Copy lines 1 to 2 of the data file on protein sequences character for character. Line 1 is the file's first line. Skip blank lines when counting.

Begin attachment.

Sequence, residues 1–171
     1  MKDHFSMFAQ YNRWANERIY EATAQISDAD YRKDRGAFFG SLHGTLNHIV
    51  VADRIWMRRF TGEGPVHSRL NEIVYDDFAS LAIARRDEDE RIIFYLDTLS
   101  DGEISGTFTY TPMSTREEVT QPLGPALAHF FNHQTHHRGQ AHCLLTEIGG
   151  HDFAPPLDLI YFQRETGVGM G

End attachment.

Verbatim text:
Sequence, residues 1–171
     1  MKDHFSMFAQ YNRWANERIY EATAQISDAD YRKDRGAFFG SLHGTLNHIV